Plans to build Australia’s biggest wind farm on grazing land near Hughenden, North Queensland, have been unveiled as part of a bid to provide low-cost energy for mining and industrial development in the state’s North West Minerals Province.
The $2 billion plan, revealed on Friday to the local Townsville paper, are being developed by a newly formed company called North Queensland Renewable Energy Zone (NQREZ), formed by a group of local engineers and grazier.
The company said the up to 1000MW (1GW) Mount James wind farm would be developed in stages and would rely on the development of the $1.5 billion CopperString transmission line planned for between Townsville and Mount Isa.
At 1GW it would be the country’s biggest wind farm to date, but in the end it will have some competition for that title – including from the 1.026 GW MacIntyre wind project in the same state that has already signed an off take agreement with CleanCo, the 1.2GW Star of the South wind project off the coast of Victoria, and competing proposals in NSW.
NQREZ executive director John Keir, who is a Townsville-based engineer, said site acquisition, feasibility and planning studies had been completed, with approvals and permitting likely within 12 months.
Financing of the massive project was expected to be completed by the September quarter of 2021, with construction of the first of the 200-odd wind turbines flagged for an early 2022 start.
The project, should it go ahead, would be a neighbour to Windlab’s troubled Kennedy Energy Park, which had designs on being the world’s first grid-connected facility to combine wind, solar and battery storage, potentially totalling a combined 1,200MW.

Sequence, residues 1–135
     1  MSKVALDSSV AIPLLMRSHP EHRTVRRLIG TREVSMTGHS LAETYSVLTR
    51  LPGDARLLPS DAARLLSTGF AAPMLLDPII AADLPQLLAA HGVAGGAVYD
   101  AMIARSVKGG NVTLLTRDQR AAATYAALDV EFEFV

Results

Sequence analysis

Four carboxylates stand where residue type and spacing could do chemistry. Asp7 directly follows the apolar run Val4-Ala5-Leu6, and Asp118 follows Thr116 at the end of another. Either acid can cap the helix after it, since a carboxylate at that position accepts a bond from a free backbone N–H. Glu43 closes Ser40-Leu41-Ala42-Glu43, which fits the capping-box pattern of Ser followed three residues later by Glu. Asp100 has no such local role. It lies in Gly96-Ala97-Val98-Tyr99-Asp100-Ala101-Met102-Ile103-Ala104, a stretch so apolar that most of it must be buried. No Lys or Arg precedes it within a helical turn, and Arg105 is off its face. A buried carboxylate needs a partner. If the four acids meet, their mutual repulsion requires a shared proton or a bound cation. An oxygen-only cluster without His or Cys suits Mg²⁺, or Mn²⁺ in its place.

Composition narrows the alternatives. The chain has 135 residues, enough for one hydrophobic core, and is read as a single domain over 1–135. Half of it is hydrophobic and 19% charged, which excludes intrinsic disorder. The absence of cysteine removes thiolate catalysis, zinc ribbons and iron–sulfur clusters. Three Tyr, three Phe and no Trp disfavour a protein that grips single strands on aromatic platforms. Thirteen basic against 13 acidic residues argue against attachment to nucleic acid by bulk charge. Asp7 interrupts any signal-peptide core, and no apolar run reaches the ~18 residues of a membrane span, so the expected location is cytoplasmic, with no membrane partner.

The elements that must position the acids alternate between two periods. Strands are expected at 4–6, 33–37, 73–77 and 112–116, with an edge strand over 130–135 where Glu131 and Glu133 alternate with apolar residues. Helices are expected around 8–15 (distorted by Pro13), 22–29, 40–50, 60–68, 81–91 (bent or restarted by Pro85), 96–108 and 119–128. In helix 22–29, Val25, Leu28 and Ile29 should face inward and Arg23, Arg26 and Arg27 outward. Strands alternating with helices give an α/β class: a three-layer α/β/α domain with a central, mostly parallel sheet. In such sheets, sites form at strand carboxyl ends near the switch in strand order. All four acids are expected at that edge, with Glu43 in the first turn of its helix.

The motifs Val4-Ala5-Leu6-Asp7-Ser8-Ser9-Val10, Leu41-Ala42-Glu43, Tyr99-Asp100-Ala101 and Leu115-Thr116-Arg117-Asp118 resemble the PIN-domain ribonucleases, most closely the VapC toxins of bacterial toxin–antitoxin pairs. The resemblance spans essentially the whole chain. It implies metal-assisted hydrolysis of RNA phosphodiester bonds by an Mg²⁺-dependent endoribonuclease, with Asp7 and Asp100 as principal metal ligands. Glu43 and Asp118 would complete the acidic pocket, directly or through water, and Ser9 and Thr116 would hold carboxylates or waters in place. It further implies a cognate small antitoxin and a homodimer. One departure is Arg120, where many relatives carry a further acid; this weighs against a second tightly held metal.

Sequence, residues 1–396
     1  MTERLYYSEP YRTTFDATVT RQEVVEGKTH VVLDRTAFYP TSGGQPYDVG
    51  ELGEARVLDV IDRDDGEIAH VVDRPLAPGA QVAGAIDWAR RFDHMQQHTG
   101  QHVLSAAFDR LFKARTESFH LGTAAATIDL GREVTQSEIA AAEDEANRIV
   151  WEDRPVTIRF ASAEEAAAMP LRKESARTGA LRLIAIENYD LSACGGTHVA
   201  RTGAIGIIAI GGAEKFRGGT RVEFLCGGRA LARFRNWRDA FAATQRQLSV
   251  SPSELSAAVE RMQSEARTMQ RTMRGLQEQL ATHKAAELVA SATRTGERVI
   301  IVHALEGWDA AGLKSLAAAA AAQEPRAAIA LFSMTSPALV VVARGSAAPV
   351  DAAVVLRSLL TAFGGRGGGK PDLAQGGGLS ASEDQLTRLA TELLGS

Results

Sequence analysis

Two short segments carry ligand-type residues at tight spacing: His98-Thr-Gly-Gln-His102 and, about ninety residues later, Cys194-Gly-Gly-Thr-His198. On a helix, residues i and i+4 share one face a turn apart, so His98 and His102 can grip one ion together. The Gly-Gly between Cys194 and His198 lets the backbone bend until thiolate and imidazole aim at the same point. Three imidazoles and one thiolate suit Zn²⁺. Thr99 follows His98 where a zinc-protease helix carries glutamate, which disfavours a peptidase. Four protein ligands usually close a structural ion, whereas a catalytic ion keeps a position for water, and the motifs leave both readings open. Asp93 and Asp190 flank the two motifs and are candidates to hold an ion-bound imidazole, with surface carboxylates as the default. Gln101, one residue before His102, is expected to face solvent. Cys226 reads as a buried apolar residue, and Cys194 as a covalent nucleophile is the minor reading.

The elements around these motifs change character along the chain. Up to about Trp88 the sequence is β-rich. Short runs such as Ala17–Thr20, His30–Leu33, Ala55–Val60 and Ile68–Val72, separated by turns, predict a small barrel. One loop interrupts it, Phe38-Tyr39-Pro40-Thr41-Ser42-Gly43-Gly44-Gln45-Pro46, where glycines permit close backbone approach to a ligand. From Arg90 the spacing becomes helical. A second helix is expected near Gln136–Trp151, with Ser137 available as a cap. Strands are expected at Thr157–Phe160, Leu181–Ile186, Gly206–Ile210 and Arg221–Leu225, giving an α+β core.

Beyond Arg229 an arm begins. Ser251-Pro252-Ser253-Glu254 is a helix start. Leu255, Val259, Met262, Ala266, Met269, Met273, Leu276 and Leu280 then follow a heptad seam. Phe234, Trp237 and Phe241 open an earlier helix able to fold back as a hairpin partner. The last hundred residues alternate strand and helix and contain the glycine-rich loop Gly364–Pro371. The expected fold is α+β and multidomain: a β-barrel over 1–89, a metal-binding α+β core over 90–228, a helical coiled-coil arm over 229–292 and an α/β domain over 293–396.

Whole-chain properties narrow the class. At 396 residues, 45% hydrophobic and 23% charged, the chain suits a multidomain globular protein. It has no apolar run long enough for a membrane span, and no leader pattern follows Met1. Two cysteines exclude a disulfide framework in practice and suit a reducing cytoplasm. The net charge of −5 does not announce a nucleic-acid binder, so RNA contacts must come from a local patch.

But completion of the KEP’s first-stage 40MW of wind, 20MW of solar and 2MW/4MWh Tesla battery has been put on hold due to a combination of a dispute between Windlab and its EPC partner, and ongoing negotiations with the Australian Energy Market Operator (AEMO) on a Generator Performance Standard – necessary before the project can be connected to the National Electricity Market.
Keir, said his company’s proposal was completely separate from Windlab’s and described it as a “major step in the right direction for the sustainable jobs and diversified infrastructure” that the Queensland government was seeking.
“A project like this not only provides sustainable benefit to the North but it increases the decarbonisation of Australia as a whole,” he told the Townsville Bulletin.
Flinders Shire Mayor Jane McNamara welcomed the proposal but stressed that it would need to be accompanied by a major upgrade to the region’s transmission infrastructure.
“I’m excited about it because it’s part of a whole plan for renewables,” Cr McNamara told the paper. “Obviously, it all hinges on CopperString going ahead.”
At this stage, the prospects for the CopperString project are looking good, having last month been given a $14.8 million boost by the state Labor government as part of its Covid-19 economic recovery plan.
Queensland premier Annastacia Palaszczuk said at the time that the funding aimed to help the transmission project to continue its important development activities and prepare for construction as soon as 2021.
Copperstring – or technically speaking, Copperstring 2.0, as this is the second time around for the plan after it was rejected by a previous state government – is one of 10 renewable “mega projects” listed by RenewEconomy as key contenders for critical, economy re-building post-Covid support.